rebecca hwang She is an engineer, investor and entrepreneur. was born in seoulthe capital city of South Korea, but soon after his family moved to Argentina, the country in which he lived during his childhood and adolescence. He studied at the Buenos Aires National College and continued his academic training at the Massachusetts Institute of Technology (MIT) and at Stanford. She was recognized as one of the World Economic Forum Young Global Leaders and is one of the most prominent entrepreneurs in Silicon Valleywhere he has led projects since 2003.
In a talk that took place in the OSDE Foundation auditorium and was moderated by José del RíoHwang addressed the various questions of a broad and complex subject: artificial intelligence and its potential to change the world as we know it. “In the last 25 years we have not seen a technological revolution like this. What is happening today in the world of innovation is dizzying”warned the expert.
Applications like Instagram, which almost all of us already use, took a year and a half, almost two, to reach 100 million users. ChatGPT, created by the OpenAI organization, reached that number in one day.
Rebeca Hwang, expert in innovation and artificial intelligence
A gateway to human expansion
Technology often changes the rules of the game and success in the face of change depends, to a large extent, on the ability to adapt. In this sense, one of the most frequently asked questions facing the constant growth of artificial intelligence is How will it change our lives?. Not only in the field of work, mobility or health, but also in education and upbringing. “My kids don’t ask me a lot of factual information. They go straight to siri or they ask ChatGPT”, Rebecca explained.
Thus, once again the human-machine relationship is the focus of the conversation. The expert assures that this link is going to be transformed as technology is incorporated into different areas. “Artificial intelligence is not a matter of technology but of human expansion”, Hwang stated. Based on this concept, he maintained that it is essential to understand “how to amplify the human attribute”what machines have not yet been able to replicate: creativity, emotion and the connections we achieve with each other. “In all areas in which the human being has a role, we must promote what the machine cannot do”, Rebecca explained.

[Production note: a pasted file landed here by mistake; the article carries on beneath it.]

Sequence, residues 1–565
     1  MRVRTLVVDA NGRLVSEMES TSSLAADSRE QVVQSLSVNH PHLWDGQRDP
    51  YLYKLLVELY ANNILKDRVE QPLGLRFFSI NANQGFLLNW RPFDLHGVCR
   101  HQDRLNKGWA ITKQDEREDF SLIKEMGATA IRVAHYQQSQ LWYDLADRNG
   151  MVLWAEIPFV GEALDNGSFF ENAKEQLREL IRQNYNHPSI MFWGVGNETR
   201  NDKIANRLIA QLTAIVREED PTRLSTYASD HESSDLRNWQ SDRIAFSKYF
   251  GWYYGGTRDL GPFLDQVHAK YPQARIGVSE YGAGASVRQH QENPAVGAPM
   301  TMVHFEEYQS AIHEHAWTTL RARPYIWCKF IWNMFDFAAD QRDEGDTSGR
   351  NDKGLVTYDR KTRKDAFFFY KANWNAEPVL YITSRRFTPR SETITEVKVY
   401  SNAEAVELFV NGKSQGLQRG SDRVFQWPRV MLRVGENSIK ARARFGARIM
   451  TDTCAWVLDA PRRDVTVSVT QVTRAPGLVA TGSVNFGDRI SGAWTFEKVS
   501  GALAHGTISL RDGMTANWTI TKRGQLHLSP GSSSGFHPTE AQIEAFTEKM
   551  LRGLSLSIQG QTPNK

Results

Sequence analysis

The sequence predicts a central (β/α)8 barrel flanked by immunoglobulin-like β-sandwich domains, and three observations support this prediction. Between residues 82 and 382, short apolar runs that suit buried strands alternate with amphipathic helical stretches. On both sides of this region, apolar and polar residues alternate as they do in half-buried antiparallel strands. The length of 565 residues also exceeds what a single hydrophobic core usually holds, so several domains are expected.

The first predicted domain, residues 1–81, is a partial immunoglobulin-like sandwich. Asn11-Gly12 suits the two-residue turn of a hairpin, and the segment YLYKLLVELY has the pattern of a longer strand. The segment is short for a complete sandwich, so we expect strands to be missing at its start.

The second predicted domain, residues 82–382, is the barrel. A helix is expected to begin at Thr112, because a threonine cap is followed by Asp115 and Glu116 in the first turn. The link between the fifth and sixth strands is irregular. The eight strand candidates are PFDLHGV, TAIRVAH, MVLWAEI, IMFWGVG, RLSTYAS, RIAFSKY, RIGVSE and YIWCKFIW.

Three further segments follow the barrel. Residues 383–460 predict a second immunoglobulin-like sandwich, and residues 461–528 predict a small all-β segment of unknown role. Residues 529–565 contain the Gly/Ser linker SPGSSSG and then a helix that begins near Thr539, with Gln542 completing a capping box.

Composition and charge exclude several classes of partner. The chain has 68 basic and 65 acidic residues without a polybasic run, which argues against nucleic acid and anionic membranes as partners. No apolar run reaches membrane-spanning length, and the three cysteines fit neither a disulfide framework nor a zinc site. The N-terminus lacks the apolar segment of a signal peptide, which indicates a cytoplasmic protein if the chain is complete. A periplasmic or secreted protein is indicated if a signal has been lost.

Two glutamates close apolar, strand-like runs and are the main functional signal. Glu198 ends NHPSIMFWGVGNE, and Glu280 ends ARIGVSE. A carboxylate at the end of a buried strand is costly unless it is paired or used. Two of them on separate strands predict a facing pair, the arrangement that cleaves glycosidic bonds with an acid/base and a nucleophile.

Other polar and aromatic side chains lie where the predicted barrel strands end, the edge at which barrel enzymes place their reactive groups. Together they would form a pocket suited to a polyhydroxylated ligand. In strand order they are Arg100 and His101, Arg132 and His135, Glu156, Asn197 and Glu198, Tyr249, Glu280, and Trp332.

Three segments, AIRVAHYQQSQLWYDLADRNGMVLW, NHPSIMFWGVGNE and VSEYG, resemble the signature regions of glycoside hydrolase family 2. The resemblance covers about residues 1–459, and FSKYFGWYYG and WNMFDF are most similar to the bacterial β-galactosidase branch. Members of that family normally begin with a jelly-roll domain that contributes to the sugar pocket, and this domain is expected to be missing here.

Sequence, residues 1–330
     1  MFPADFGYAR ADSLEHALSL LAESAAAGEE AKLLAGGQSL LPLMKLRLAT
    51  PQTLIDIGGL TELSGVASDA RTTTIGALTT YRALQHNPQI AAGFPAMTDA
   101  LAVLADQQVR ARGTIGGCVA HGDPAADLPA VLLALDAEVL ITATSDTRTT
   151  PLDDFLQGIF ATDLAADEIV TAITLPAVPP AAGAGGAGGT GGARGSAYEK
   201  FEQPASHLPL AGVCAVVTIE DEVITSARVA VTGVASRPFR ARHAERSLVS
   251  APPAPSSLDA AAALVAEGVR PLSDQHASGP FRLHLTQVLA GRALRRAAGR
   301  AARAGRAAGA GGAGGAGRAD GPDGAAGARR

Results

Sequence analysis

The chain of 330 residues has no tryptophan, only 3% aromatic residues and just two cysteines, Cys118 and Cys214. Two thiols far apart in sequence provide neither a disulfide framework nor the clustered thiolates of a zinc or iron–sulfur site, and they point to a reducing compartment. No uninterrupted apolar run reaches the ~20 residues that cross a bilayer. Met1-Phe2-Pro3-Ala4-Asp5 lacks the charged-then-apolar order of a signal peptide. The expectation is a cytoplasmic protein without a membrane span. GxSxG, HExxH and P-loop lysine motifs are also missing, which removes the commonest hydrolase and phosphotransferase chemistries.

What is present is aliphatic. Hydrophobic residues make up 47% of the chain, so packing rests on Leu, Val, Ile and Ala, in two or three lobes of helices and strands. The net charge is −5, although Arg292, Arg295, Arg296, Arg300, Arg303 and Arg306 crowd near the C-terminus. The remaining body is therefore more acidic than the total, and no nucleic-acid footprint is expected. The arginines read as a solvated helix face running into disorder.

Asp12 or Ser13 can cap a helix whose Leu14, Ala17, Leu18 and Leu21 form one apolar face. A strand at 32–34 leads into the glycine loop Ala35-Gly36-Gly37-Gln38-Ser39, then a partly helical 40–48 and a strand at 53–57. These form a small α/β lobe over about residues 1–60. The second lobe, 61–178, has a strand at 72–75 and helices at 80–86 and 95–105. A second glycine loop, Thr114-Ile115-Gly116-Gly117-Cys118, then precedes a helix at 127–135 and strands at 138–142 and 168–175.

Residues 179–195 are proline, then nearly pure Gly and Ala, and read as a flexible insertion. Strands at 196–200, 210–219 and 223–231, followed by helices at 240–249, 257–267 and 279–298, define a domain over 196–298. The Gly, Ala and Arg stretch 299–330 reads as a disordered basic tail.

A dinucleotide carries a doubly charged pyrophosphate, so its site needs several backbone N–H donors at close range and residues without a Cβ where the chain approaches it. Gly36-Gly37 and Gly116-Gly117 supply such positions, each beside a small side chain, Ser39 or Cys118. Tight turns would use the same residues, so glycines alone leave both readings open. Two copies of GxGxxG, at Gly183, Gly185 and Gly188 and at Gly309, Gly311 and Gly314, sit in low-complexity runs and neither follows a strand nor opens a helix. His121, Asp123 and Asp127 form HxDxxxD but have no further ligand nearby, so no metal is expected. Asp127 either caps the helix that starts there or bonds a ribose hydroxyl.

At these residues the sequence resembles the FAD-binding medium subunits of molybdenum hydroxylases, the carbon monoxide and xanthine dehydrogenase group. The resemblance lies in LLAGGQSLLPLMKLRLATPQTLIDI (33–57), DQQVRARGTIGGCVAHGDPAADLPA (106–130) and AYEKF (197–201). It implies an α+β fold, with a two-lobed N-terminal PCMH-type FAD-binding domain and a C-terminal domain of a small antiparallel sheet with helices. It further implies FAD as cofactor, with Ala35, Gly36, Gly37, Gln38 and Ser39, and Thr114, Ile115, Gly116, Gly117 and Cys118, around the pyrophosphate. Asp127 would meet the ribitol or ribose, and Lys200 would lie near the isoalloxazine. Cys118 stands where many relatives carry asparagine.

The human role in the new scenario
In a world that has already changed and that, in Hwang’s wordsit’s found “on the cusp of what may be a point of no return”it is necessary to understand the human role in the future. “In such a particular context that we are living as Argentines, the fact of taking a space to know what the technology and innovation trends are, seems appropriate to us to continue growing and learning”, said Cristian García SarubbiDirector of Communications and Human Development of the OSDE Group, in dialogue with For you.
As an organization, the word containment defines us, because we are the link between a provider and a partner. Understanding what our role is going to be in this era of technology and what ideas we can incorporate to make this containment relationship better are challenges that we must analyze.
Cristian García Sarubbi, Director of Communications and Human Development of the OSDE Group
At the same time, Garcia Sarubbi stressed the importance of understanding how will they affect for good this type of technology and also What potential do they have if misused?. About, Rebeca Hwang addressed the reality-fiction duality that incorporates artificial intelligence and the philosophical dilemma that its use represents. “We have created a technology with great potential to do good, but without control or limitations it can also be used in harmful applications”he warned.
More information at gente.com.ar
Original Publisher: https://www.gente.com.ar/actualidad/en-dos-decadas-y-media-en-silicon-valley-no-he-visto-una-revolucion-como-esta-advierte-rebeca-hwang-experta-en-innovacion/